The audit found that the Department has established formal processes that are being consistently followed to ensure appropriate due diligence is conducted prior to the finalization of funding agreements for Métis registration systems; and ongoing monitoring to assess compliance to the Terms and Conditions of the agreements. While some monitoring is being performed, it is challenging to assess the progress and status of the registration systems, as limited strategic direction and long-term objectives have been established for the spending of funds relative to the registration systems. With the adoption and application of the Canadian Standards Association (CSA) standards to the Métis registration systems, requirements have been established for the operational elements of the registration systems; however, we have identified an opportunity for the Department to work with its partners and stakeholders to establish long-term vision/objectives, appropriate departmental governance and measurable outcomes for funding disbursed for the Métis registration systems.

 

 

5. Findings and Recommendations

Based on the evidence gathered through the examination of documentation, analysis and interviews, each audit criterion was assessed by the audit team and a conclusion for each was determined. Where a significant difference between the audit criterion and the observed practice was found, the risk of the gap was evaluated and used to develop a conclusion and to document recommendations for improvement initiatives.

Observations below included both best practices considered to be adequate as well as those requiring improvement. Recommendations for corrective actions accompany areas identified for improvement.

5.1 The Mandate and Governance of MNSI Relations and Métis Rights Management

While it was part of OFI, the objective of the MNSI Relations and Métis Rights Management program was to "help build capacity, and to maintain a relationship based on trust and respect between Métis and Non-Status Indian people and the Government of Canada". This was achieved by:  "maintaining political relationships with their representative organizations; acting as the point of contact within the federal government; acting as an advocate for their issues within Cabinet; entering into contribution agreements to help build organizational and institutional capacity; and, building stronger linkages with provincial governments" – as outlined in the Federal Interlocutor's Contribution Program (FICP) program Terms and Conditions dating back to 2008. At the time, OFI resources were dedicated to maintain strong relationships with the Métis organizations and provincial partners, with a focus on playing an advocacy role for MNSIs.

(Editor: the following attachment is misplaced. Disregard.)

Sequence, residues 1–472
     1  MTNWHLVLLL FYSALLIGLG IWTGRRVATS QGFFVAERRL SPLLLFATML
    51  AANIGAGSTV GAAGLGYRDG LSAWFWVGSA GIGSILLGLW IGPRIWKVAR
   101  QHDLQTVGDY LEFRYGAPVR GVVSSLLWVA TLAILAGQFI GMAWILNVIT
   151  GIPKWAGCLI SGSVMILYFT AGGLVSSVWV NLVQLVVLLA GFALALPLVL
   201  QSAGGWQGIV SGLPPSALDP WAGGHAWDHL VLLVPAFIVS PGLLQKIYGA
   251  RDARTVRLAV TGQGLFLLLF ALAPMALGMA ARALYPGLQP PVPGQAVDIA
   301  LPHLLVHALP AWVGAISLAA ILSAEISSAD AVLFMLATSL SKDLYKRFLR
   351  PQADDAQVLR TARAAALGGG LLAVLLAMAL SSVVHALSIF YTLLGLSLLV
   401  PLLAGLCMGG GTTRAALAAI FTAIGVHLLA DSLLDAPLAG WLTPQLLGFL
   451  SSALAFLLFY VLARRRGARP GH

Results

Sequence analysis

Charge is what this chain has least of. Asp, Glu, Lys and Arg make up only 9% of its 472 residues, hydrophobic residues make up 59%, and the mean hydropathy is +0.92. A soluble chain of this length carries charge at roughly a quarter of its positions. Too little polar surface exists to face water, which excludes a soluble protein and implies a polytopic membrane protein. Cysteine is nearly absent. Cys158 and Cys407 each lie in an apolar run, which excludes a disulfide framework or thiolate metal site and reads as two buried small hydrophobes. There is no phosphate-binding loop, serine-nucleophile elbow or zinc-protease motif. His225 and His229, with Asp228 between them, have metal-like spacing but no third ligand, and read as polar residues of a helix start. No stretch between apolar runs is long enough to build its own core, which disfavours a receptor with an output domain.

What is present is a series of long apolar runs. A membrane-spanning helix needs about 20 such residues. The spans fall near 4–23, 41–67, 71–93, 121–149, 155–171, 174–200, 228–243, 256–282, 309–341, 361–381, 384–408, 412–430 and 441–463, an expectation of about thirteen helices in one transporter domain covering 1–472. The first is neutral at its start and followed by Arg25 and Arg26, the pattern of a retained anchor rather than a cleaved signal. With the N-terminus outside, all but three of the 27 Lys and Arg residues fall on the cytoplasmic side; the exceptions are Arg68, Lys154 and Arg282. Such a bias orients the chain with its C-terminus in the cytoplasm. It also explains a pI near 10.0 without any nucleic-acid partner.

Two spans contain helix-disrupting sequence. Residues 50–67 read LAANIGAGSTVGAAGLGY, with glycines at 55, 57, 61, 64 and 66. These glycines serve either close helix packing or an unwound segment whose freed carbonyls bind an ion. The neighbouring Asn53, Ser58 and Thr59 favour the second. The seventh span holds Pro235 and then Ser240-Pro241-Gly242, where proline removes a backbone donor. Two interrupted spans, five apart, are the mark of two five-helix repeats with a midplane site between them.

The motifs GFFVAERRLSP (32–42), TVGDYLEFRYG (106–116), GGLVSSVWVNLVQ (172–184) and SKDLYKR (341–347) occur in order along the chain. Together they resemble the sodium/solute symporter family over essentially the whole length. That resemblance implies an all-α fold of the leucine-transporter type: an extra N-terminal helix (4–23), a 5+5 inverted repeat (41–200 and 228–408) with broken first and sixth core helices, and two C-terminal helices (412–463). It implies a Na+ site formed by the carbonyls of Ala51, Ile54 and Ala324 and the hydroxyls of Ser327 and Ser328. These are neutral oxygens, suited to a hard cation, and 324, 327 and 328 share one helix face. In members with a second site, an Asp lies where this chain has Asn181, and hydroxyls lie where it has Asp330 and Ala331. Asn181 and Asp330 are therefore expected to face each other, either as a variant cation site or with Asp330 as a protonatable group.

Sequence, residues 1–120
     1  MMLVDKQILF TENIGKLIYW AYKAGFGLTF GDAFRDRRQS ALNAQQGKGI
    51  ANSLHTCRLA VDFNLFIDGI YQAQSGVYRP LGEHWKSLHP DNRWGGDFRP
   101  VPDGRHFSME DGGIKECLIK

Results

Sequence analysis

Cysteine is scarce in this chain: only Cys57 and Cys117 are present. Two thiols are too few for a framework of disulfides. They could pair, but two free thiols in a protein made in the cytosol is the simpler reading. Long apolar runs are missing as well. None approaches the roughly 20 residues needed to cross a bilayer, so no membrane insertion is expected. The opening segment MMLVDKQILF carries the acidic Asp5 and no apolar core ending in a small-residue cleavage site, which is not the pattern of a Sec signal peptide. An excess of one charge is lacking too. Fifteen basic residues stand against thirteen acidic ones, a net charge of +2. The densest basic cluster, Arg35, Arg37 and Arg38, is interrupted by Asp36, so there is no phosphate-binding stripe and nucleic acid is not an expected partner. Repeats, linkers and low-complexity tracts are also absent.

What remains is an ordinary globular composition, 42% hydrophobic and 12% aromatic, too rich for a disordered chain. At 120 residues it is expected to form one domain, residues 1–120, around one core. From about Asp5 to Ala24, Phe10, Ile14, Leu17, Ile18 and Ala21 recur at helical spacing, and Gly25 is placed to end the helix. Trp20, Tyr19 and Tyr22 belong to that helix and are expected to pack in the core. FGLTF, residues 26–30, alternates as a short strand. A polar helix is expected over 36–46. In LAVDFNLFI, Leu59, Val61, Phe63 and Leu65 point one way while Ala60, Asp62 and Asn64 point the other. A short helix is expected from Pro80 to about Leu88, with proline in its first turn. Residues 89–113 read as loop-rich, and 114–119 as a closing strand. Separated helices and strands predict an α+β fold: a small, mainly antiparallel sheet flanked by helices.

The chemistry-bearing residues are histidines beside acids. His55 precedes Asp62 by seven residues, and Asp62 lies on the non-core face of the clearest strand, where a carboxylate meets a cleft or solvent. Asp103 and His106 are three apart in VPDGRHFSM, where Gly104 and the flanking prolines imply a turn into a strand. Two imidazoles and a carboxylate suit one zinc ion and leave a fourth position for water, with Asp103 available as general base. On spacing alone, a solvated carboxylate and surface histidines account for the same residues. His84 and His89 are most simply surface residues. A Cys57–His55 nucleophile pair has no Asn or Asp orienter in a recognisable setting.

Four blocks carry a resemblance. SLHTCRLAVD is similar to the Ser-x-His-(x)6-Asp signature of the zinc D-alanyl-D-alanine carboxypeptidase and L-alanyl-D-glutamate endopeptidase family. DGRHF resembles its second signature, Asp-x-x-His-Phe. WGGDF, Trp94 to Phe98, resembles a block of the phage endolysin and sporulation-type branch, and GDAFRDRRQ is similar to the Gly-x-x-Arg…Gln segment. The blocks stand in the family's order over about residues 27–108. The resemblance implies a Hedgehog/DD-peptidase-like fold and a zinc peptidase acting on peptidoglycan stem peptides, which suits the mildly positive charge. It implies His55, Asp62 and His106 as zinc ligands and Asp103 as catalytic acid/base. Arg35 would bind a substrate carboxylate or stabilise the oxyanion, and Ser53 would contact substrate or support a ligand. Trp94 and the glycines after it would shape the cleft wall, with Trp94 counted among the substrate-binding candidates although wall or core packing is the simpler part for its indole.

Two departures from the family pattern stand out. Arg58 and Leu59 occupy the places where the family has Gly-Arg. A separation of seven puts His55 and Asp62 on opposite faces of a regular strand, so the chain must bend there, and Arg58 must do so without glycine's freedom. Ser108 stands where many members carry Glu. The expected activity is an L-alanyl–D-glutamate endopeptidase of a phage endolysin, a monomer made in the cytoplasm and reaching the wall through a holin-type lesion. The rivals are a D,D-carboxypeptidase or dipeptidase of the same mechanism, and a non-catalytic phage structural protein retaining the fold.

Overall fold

Once OFI was amalgamated with PSD Branch (as part of the MNSI Relations Directorate or the "Directorate"), the Program Terms and Conditions were updated (as of December 14, 2012) and continued to focus on this advocacy role. Specifically, "…the role has evolved from being the point of first contact between MNSIs and the federal government (the bilateral political relationship with the Métis National Council and the Congress of Aboriginal Peoples) and the advocate in Cabinet for consideration of MNSI issues and concerns (1985) for the purposes of working towards achieving practical ways of improving MNSI socio-economic conditions to also be…" The program funding that support this mandate included the FICP and Basic Operational Capacity.  Although Terms and Conditions of the Program continue to reference an advocacy role, the mandate for the Program has evolved to one of non-advocacy (i.e. acting as a neutral party relative to the interests of MNSIs) and capacity development.

With this change in mandate and in parallel with cuts to resources available, the Program has limited engagement with stakeholders, specifically with the Métis organizations and provincial partners. Proactive engagement with all stakeholders, including MNSI organizations, provincial governments and other government departments is critical to sustain cooperative relationships with these partner organizations to support the needs of MNSIs. In the past departmental representatives would periodically visit each Métis organization which would allow them to gain an appreciation of their current status and challenges and needs. This would also allow the opportunity for the Directorate to assess the processes and infrastructure supporting each registry. With uncertainty relative to the change in mandate and associated prioritization of activities, the Directorate's primary role has become one of oversight and management of funding agreements and has impacted staff members' level of engagement. Provincial representatives have confirmed that the Department has limited engagement with provincial stakeholders. A change in role has taken place; however, a governance structure to manage this change and to ensure the effectiveness of this new mandate has not been put in place.

Without a formal governance structure in place that establishes strategic direction for the oversight of Métis relations, including funding provided for the Métis registry systems, and that methodically manages change with both internal and external stakeholders, there is a risk that the Department is not proactively managing Métis rights and the associated risks to the Crown, including the status of the Métis registration systems. Well-developed Métis registry systems, recording valid and useful data will help MNSI Directorate and the Department, identify legitimate Métis rights holders.

Recommendation: